New York State Court of Claims

New York State Court of Claims

JENKINS v. THE STATE OF NEW YORK AND RIVERBANK STATE PARK, #2003-030-910, Claim No. None, Motion No. M-67575


Case Information

Claimant short name:
Footnote (claimant name) :

Footnote (defendant name) :

Third-party claimant(s):

Third-party defendant(s):

Claim number(s):
Motion number(s):
Cross-motion number(s):

Claimant's attorney:
Kahn, Gordon, Timko & Rodriquez, Cynthia P. Camacho, Esq.
Defendant's attorney:
Eliot Spitzer, Attorney Generalby Grace A. Brannigan, Assistant Attorney General
Third-party defendant's attorney:

Signature date:
December 30, 2003
White Plains

Official citation:

Appellate results:

See also (multicaptioned case)


The court read and considered the following papers on claimant's motion for permission to file a late claim: Notice of Motion, Affirmation and Exhibit, Affirmation in Opposition and Exhibits, Reply Affirmation and Exhibit.

Claimant was allegedly injured on July 14, 2003 when she slipped and fell while she was descending stairs into a pool at Riverbank State Park, an event she attributes to the allegedly deteriorated and defective condition of the stairs. She served a claim on the attorney general on October 9, 2003 , within 90 days of accrual, but filed it with the clerk of the court on October 13, 2003. Since she neglected to pay the filing fee or apply for waiver of the fee (Court of Claims Act § 11-a), the claim was not filed but was returned by the clerk of the court. By that point, counsel realized that the period in which the claim could be filed without permission of the court had expired (Court of Claims Act section 10[3]). The instant application, seeking permission to late file pursuant to Court of Claims Act section 10(6), ensued.

The statute grants the court the discretion to allow the filing of a late claim, upon consideration of all relevant factors, including whether claimant's delay was excusable, whether defendant had timely notice of the facts constituting the claim, whether defendant had the timely opportunity to investigate, whether defendant would suffer substantial prejudice should late filing be allowed, whether the proposed claim appears meritorious and whether claimant has an alternate remedy (Bay Terrace Coop. Section IV v New York State Employees' Retirement Sys. Policemen's and Firemen's Retirement Sys., 55 NY2d 979).

Here, although the reason for claimant's delay - ignorance of the court's filing requirements - cannot be deemed "excusable," the papers before the court reveal that not only was defendant timely served with the proposed claim, but that the incident was investigated and documented by defendant's employees when it occurred. Claimant's failure to properly file the claim within the statutory period did not result in any prejudice whatsoever to defendant's ability to defend the claim.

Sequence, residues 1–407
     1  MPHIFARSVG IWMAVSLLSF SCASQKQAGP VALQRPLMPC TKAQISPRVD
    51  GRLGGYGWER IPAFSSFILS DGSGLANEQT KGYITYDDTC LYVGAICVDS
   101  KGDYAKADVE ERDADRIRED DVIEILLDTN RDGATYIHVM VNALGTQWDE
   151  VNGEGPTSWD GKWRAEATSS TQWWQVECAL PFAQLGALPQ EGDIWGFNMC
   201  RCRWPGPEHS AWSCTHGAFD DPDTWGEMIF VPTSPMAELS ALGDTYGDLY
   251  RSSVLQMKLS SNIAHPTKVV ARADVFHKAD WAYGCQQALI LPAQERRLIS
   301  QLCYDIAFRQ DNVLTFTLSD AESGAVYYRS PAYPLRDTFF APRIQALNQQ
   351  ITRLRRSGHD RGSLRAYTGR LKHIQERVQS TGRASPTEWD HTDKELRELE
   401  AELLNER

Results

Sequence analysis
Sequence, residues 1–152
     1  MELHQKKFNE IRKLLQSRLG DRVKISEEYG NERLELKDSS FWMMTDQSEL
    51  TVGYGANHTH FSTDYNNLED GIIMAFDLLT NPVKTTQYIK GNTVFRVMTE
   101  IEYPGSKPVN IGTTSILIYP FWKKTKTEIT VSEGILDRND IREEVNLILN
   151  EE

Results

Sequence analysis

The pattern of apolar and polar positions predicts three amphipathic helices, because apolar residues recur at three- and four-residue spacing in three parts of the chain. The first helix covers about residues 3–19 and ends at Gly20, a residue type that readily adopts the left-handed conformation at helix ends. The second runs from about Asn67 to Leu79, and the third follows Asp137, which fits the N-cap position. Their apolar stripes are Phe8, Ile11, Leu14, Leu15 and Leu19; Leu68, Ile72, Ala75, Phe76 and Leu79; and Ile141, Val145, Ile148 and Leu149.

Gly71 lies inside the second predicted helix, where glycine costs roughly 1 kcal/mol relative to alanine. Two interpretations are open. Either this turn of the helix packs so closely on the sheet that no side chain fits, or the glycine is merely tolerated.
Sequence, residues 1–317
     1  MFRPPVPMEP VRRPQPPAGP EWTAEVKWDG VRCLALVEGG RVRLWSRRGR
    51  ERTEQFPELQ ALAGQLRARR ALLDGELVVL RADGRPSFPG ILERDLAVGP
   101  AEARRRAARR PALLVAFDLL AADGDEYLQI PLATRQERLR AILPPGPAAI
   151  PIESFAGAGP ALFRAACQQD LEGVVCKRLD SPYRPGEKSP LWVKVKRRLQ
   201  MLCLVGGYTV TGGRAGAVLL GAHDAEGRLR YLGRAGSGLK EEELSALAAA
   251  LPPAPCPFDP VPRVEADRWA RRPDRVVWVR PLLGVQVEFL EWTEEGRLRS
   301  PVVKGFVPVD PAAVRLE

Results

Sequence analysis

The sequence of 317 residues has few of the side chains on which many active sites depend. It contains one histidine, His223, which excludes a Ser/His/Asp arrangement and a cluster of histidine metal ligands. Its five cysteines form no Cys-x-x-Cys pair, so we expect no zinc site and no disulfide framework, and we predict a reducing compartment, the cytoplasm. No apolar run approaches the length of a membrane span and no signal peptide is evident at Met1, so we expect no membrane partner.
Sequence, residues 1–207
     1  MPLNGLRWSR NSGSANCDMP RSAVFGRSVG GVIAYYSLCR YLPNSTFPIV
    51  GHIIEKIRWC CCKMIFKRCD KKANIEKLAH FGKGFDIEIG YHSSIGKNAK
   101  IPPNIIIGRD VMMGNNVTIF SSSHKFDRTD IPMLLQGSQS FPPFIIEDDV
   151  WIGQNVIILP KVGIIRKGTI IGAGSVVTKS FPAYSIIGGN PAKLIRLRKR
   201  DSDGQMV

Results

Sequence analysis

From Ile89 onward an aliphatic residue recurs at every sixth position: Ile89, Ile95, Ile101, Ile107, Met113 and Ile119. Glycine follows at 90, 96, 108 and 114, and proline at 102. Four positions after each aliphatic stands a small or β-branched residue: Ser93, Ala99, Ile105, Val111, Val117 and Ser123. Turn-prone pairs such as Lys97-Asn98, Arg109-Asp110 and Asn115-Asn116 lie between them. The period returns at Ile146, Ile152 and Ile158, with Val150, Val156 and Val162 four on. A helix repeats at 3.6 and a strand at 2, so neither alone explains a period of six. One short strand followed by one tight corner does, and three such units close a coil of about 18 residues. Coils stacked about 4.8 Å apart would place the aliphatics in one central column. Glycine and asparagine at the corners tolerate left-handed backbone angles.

Defendant's opposition to this motion centers around the apparent merit of the proposed claim. In this regard, claimant's burden is merely to show that the proposed claim is not patently groundless, frivolous or legally defective and that there is reasonable ground to believe that a cause of action exists (Matter of Santana v New York State Thruway Auth., 92 Misc 2d 1). Since no affidavit from the claimant was submitted, the only information before this court that addresses this crucial issue is the proposed claim. While the court does not agree with a number of points made by defense counsel in relation to the proposed claim, defendant raises three issues with respect to that document that fatally impair any value it may have had for the purpose of this motion.

First, defendant points out that the verification page attached to the proposed claim appears to have been prepared for another document. It appears to be part of a printed form, while the proposed claim is typed (with plenty of blank space on the last page that could have been used for a verification), not on a form, and the verification refers to a "notice of claim" while the proposed claim is titled, properly, a "claim." The verification was signed by claimant, in Richmond, Virginia, on August 11, 2003, yet it states, in paragraph 1, that the "post office address of the claimant herein is 241 Haden Avenue, New York, New York 10028," while the accident report lists claimant's address as 2410 Haden Avenue, Richmond, Virginia. The proposed claim states that claimant was injured at the outdoor pool at Riverbank State Park while the accident report states that it happened at the indoor pool.

These various discrepancies, and particularly the fact that there is no way the claimant would verify, as she sat in Richmond, Virginia, a document stating that she resided at a presumably nonexistent address in New York City, leads the court to conclude that it is unlikely that claimant ever read the proposed claim.[1] Thus, it is of no probative value and the claimant's papers are thus insufficient to make the evaluation that section 10 (6) requires.

Accordingly, the motion is denied without prejudice fo a further application made upon proper papers, which shall include a new proposed claim and an affidavit from the claimant fully describing the subject incident.

December 30, 2003
White Plains, New York

Judge of the Court of Claims

[1]After being advised by defendant's opposition papers of the discrepancy with respect to claimant's address, claimant's counsel re-typed the first page of the claim to indicate the correct address in Virginia and resubmitted it, with the same verification page attached. Obviously, claimant could not swear to the veracity of a document, on August 11, 2003, when that document did not even exist until November 2003.